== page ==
1. Using your knowledge of global warming explain why the four changes described above have occurred.
table - regional changes reasons

*Losing mass – this means that more ice melts than is gained via snowfall in a given year.

  1. Change two above suggests that there will be more precipitation (snowfall and rainfall) in Arctic and Antarctic regions. Complete the futures exercise below to consider what this change could mean for those regions.
    • What possible futures are there for the Arctic and Antarctic with increased precipitation?                                                                                                                                                                                                                                                                                                                                                                                                                                                                                    
    • What probable futures are there for the Arctic and Antarctic with increased precipitation?                                                                                                                                                                                                                                                                                                                        
    • What preferable futures exist for these regions? Here you might want to consider the key role these regions play in regulating our global climate.                                                                                                                                                                                                                                                                                                                                                                                                                                                                                    

Changes to the Greenland and Antarctic ice sheet.

The graphic below shows Greenland Ice Sheet cumulative mass changes in gigatonnes (recently observed and projected by models under SSP1-2.6 and SSP5-8.5 scenarios) and equivalent sea level change (in metres). Maps show recent elevation changes (metres/year).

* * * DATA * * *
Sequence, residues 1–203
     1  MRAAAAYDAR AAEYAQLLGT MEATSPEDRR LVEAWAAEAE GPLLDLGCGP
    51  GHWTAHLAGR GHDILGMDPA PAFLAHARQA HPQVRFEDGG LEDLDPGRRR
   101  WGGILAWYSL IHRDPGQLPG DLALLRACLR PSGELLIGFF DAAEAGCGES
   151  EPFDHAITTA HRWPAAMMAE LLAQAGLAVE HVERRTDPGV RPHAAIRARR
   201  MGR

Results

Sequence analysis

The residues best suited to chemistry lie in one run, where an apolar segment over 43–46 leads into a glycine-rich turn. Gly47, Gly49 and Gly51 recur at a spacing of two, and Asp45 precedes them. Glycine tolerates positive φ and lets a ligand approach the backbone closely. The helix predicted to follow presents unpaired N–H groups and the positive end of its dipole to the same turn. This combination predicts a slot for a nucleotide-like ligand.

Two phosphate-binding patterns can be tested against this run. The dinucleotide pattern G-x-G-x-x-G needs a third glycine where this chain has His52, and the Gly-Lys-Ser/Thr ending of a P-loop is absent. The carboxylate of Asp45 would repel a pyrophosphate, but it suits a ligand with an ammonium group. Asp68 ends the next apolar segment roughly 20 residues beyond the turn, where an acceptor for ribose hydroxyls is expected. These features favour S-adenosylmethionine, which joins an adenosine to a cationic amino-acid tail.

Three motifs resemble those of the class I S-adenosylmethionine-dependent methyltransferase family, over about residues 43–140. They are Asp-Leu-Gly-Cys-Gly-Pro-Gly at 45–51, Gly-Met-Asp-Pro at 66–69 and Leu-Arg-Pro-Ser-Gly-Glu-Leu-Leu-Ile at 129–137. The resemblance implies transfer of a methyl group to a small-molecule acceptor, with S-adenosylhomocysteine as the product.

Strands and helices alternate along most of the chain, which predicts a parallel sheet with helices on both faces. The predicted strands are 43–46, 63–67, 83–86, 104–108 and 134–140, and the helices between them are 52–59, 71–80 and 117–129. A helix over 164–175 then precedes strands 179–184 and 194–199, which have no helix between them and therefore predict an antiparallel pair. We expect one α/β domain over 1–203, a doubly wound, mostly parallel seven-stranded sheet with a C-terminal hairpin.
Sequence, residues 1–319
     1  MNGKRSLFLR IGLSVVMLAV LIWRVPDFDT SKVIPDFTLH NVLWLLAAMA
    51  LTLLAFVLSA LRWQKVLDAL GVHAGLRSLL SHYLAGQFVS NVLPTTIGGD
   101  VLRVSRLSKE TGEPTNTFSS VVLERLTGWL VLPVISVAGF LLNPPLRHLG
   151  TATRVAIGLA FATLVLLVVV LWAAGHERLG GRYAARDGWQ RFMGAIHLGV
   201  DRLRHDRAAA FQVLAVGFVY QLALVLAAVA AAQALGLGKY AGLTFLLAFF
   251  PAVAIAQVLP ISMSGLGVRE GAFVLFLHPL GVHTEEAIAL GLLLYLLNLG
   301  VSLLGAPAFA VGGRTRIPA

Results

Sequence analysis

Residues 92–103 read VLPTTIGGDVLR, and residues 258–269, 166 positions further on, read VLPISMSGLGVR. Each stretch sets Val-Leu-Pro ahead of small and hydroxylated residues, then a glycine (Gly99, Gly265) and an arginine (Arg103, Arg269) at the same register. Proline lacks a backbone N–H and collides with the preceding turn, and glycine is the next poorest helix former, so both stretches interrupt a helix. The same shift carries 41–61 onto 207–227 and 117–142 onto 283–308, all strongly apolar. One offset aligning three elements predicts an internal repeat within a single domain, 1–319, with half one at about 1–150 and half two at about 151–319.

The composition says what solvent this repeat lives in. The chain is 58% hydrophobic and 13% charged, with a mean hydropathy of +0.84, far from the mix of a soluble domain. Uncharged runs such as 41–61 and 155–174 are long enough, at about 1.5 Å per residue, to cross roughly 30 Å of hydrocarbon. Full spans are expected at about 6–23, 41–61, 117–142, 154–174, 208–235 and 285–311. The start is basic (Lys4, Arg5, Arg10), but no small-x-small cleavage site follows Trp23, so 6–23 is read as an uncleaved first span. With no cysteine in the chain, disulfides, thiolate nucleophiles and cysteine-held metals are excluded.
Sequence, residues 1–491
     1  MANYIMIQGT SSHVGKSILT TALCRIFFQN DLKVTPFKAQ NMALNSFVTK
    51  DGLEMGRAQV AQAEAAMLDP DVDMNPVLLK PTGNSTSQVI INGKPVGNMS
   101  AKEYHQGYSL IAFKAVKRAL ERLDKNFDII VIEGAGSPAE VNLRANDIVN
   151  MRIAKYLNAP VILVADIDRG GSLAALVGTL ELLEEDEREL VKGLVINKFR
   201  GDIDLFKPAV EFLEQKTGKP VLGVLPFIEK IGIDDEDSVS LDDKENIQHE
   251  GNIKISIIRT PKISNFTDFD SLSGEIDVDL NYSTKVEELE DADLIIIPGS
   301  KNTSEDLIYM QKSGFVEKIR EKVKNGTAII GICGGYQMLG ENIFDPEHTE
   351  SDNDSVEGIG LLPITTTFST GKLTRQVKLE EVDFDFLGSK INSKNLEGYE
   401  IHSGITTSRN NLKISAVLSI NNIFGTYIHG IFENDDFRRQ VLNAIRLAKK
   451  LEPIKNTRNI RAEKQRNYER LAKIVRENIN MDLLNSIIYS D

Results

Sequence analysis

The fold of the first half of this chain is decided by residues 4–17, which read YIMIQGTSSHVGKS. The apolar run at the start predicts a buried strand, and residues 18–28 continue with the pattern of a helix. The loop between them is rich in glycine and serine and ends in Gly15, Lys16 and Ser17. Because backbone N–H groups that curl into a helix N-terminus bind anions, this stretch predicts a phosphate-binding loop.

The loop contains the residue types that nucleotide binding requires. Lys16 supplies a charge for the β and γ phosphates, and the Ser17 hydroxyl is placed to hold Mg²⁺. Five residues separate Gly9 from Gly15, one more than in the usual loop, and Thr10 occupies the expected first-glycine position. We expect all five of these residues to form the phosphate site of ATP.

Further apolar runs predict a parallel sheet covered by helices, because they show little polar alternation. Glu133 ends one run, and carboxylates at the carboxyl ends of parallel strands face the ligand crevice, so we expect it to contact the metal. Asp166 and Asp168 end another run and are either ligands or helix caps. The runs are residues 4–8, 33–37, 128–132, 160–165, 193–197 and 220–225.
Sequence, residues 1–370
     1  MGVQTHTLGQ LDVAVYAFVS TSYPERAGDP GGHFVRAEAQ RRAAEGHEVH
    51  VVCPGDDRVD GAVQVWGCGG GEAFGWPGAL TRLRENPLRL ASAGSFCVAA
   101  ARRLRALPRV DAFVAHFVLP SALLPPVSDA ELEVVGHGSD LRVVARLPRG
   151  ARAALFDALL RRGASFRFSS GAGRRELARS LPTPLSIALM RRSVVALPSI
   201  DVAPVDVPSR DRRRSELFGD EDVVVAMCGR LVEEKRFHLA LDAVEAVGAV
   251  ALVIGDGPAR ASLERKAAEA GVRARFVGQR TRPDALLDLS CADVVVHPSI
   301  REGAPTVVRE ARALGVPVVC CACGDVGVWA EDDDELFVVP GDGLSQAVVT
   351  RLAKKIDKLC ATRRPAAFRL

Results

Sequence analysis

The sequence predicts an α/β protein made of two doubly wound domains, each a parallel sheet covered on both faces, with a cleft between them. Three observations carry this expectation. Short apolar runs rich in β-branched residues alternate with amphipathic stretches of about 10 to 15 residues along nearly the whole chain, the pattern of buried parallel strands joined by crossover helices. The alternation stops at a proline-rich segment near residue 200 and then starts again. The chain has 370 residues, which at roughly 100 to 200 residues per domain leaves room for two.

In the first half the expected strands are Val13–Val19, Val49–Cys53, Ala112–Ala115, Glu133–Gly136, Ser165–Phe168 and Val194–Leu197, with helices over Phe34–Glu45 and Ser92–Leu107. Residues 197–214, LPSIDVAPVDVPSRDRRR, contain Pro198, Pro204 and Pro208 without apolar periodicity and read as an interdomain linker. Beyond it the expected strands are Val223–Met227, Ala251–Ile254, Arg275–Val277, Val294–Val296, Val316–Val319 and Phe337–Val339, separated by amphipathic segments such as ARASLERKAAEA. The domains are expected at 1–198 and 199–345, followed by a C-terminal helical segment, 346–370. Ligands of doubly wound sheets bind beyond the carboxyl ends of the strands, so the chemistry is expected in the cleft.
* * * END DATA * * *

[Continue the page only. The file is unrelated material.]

• SSP1-2.6: Global CO2 emissions are cut severely, but not as fast, reaching net-zero after 2050. Temperatures stabilize around 1.8°C higher by the end of the century.
      • SSP5-8.5: Current CO2 emissions levels roughly double by 2050. The global economy grows quickly, but this growth is fuelled by exploiting fossil fuels and energy-intensive lifestyles. By 2100, the average global temperature is a scorching 4.4°C higher.
IPCC ice mass and sea level change
Source: IPCC2
  1. Using the graphs on ice mass change complete the table below.

SIMPLE TABLE

A gigaton is a billion tonnes. It is roughly equivalent to the mass all of the living mammals other than humans on earth.

  1. Which of the two areas, Greenland or Antarctica, will be most affected by climate change in 2100? Use data from the two graphs and maps to justify your view.                                                                                                                                                                                                                                                                                                                                                                                                                                                                                                                                                                                                                                                                                                                                                                                                                                                                                                                                                                        

Projected climate changes in the Polar regions

Look carefully at the graphic below, it shows projected changes in the future (SSP5-8.5 scenario) in mean annual temperature and total precipitation at 2°C global warming compared to 1850–1900 for the Arctic (left) and Antarctic (right).

Answer the questions below:

projected polar climate change

Temperature

  1. What is the projected change for Greenland (G)?
  2. What is the projected change for Lapland (L)?
  3. What is the projected change for Siberia (S)?